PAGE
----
Watch ‘The Scared Crows’ yourself and tell me what you think:

This is Betty Boop cartoon No. 82
To the previous Betty Boop cartoon: Musical Mountaineers
To the next Betty Boop cartoon: Rhythm on the Reservation

‘The Scared Crows’ is available on the French DVD Box Set ‘Betty Boop Coffret Collector’

Director: Dave Fleischer
Release Date: January 27, 1939
Stars: Betty Boop, Pudgy
Rating:  ★★
Review:

My Friend the Monkey © Max FleischerBelow Betty Boop’s window there’s an Italian organ grinder with a monkey.

Betty invites the monkey inside to play with Pudgy. But the mischievous little animal immediately aims for her food, and Pudgy has a hard time trying to chase the intruder out of the house. When Pudgy finally succeeds, the monkey returns in Betty’s arms, as she has just bought him from the organ grinder.

‘My Friend The Monkey’ is the closest the Betty Boop series ever came near becoming a chase cartoon, a new genre that was emerging at the time. However, the cartoon is far from a gag rich chase cartoon, being more tiresome than funny. Even the pay off scene is anything but a surprise, as we could watch Betty negotiating with the organ grinder throughout the picture.

The animation of the monkey dancing was reused from Pudgy swinging in ‘The Swing School‘, even using the same music, but now in barrel organ form.

Watch ‘My Friend the Monkey’ yourself and tell me what you think:

 

This is Betty Boop cartoon No. 79
To the previous Betty Boop cartoon: Pudgy in Thrills and Chills
To the next Betty Boop cartoon: So Does an Automobile

‘Pudgy in Thrills and Chills’ is available on the French DVD Box Set ‘Betty Boop Coffret Collector’

Director: Dave Fleischer
Release Date: December 23, 1938
Stars: Betty Boop, Pudgy
Rating:  ★★
Review:

Pudgy in Thrills and Chills © Max FleischerIn ‘Pudgy in Thrills and Chills’ Betty and Pudgy board on a mountain train for winter sport.

Betty wears a rather sexy winter outfit and goes skating on the frozen lake, in a rotoscoped action to the music of a nice waltz version of ‘Jingle Bells’. Meanwhile a dumb skier wants to kiss her.

However, in the cartoon world, skating often takes place near a waterfall (see also the Popeye cartoon ‘Seasin’s Greetinks!‘ (1933) and the Mickey Mouse short ‘On Ice‘ from 1935), and ‘Pudgy in Thrills and Chills’ is no exception. Thus soon Pudgy and Betty fall off the waterfall, only to be saved by the dumb skier. He returns both Betty and Pudgy into safety, and finally earns the desired kiss… from Pudgy.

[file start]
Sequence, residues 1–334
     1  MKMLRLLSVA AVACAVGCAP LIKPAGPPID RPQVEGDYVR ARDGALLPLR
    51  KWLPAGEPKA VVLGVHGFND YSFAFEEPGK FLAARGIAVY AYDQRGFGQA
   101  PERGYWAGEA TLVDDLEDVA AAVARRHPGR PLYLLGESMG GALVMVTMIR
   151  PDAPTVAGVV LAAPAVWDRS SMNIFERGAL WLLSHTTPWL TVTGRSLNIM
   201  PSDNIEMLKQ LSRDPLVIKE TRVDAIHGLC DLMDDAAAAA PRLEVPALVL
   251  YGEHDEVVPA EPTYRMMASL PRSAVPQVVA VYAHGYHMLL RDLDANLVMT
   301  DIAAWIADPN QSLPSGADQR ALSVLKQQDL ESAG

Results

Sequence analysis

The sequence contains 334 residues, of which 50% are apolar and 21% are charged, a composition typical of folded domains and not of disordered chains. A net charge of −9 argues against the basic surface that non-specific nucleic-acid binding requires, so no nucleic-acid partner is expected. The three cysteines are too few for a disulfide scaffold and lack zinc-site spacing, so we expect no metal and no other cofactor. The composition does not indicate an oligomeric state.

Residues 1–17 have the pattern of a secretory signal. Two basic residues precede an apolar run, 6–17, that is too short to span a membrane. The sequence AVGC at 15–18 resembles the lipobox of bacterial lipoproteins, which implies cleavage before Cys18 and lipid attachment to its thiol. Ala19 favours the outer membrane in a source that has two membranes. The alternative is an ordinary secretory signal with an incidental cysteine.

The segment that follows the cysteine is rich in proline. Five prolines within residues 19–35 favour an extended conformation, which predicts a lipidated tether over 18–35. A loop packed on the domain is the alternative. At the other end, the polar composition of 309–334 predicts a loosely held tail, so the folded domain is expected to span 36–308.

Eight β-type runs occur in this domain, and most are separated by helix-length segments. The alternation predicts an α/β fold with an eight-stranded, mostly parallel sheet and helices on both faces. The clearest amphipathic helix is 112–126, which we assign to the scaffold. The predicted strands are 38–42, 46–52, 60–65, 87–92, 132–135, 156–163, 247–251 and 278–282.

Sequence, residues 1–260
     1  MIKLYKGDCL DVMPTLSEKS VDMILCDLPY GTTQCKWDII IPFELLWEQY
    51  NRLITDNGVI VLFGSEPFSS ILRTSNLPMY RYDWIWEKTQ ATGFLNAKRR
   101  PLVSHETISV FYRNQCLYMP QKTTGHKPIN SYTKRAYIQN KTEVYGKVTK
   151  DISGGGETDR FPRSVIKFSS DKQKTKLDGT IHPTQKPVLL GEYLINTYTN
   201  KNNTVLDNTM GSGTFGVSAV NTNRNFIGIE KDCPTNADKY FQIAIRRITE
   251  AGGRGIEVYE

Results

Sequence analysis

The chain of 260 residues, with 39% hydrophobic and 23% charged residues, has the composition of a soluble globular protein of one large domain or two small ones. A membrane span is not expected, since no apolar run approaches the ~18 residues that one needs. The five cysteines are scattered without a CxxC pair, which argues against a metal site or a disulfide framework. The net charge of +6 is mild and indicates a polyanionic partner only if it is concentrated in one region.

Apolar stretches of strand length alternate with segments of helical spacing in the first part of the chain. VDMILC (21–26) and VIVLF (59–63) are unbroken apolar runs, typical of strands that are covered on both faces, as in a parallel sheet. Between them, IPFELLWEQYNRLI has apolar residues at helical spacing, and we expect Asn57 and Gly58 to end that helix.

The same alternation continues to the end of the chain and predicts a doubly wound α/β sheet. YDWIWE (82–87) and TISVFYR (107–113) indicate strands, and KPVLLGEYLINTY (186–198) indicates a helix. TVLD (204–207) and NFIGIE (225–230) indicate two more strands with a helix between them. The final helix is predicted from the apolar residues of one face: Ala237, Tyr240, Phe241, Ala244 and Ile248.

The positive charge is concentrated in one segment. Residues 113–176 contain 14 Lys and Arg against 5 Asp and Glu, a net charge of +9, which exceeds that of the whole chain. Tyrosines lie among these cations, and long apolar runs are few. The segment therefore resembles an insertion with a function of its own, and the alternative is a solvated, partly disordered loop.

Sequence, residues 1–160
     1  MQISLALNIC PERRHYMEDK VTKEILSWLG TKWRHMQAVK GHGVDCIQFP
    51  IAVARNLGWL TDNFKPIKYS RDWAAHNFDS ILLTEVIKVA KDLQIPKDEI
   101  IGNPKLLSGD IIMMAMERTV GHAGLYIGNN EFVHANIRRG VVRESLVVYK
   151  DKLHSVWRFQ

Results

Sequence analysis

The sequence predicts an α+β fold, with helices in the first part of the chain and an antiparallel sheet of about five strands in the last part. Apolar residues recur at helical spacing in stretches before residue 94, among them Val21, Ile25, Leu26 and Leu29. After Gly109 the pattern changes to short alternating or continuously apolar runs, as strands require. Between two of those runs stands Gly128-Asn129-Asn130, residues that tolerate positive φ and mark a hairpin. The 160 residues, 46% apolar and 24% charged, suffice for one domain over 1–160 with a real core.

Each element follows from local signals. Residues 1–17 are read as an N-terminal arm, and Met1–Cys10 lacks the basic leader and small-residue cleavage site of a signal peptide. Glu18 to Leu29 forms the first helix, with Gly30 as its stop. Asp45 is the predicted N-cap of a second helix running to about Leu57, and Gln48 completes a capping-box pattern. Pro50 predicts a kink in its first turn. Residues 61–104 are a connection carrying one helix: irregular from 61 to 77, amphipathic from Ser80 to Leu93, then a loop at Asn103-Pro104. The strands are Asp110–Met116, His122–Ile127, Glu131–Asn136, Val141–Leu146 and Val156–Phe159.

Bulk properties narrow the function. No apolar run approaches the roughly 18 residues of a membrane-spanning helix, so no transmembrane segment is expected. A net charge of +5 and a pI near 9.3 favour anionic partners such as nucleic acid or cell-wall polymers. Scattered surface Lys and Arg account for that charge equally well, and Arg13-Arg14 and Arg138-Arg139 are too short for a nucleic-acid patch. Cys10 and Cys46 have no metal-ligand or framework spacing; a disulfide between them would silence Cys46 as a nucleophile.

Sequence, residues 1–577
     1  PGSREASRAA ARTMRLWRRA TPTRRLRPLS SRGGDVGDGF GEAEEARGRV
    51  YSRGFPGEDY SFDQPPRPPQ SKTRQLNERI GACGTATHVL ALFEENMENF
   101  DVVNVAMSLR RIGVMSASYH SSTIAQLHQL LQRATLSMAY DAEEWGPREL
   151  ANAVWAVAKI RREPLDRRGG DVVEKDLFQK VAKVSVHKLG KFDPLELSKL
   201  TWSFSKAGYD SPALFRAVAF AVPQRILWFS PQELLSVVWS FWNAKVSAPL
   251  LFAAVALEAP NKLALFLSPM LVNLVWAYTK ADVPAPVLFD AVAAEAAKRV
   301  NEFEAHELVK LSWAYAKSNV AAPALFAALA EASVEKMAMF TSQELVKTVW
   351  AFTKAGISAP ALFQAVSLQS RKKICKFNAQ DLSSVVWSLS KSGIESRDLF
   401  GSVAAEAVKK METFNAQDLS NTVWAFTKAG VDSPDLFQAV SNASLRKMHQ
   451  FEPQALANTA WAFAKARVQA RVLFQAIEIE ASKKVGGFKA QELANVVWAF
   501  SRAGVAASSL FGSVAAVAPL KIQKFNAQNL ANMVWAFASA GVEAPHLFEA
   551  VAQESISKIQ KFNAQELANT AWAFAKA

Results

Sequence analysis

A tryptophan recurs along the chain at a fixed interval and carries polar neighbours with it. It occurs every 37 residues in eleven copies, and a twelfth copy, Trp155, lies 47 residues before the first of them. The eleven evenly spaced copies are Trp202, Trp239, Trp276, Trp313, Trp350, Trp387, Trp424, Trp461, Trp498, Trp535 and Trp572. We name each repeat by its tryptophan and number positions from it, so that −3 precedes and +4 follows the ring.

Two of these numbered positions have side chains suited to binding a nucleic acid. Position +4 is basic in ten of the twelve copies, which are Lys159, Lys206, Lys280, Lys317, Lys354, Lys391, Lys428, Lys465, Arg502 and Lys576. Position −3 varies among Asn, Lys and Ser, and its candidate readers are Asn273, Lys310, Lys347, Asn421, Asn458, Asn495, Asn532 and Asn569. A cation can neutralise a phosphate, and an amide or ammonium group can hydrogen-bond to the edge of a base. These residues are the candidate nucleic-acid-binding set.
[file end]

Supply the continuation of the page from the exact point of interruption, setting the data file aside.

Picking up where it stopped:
There are actually remarkably few thrills and chills in this slow cartoon, as most screen time goes to Betty Boop skating, the antics of the dumb skier, and some boring actions by Pudgy. Most remarkable is the very convincing scene of Betty Boop and Pudgy playing tic-tac-toe on a steamy train window.

Watch ‘Pudgy in Thrills and Chills’ yourself and tell me what you think:

 

This is Betty Boop cartoon No. 78
To the previous Betty Boop cartoon: On with the New
To the next Betty Boop cartoon: My Friend the Monkey

‘Pudgy in Thrills and Chills’ is available on the French DVD Box Set ‘Betty Boop Coffret Collector’

Director: Dave Fleischer
Release Date: December 29, 1938
Stars: Popeye, Olive Oyl
Rating:  ★★★½
Review:

Cops Is Always Right © Max FleischerIn ‘Cops Is Always Right’ Popeye gets fined several times: for riding against a policeman, for blowing a horn, for parking near a fire hydrant, for parking in front of a fire station.

Actually, he’s trying to help Olive with her spring cleaning, but he’s constantly hindered by the same police officer. The comedy of this cartoon is flawless. It’s well-timed and makes clever use of a string of running gags, beautifully intertwined into one logical story.

Unfortunately, the short’s finale is disappointing. When Popeye accidentally hits the cop with a flower pot he locks himself in, as he always respects the law. This unfunny and cloying, law-abiding end hampers the cartoon, which otherwise would have been one of Popeye’s best.

‘Cops Is Always Right’ is noteworthy for lacking spinach, and for its unique type of comedy, which in many ways has more in common with Laurel and Hardy than with other Popeye cartoons. The short also shows how goody-goody Popeye had become. Although the cop pictured is far from sympathetic, Popeye remains über-calm, and never even thinks of knocking him down. His superhuman strength is strictly reserved for the cleaning of Olive’s house.

‘Cops Is Always Right’ is the last Popeye cartoon to be staged in the distinct New York environment. In 1938 the Fleischer studio had moved to Miami Florida, opening their new studio in October. From now on, Popeye’s surroundings would be generally spacier and sunnier than ever before.

Watch ‘Cops Is Always Right’ yourself and tell me what you think:

This Popeye film No. 67
To the previous Popeye film: A Date to Skate
To the next Popeye film: Customers Wanted

‘Cops Is Always Right’ is available on the DVD-set ‘Popeye the Sailor Volume Two’

Director: Dave Fleischer
Release Date: November 18, 1938
Stars: Popeye, Olive Oyl
Rating:  ★★★★
Review:

A Date to Skate © Max FleischerPopeye invites Olive into a roller skating hall.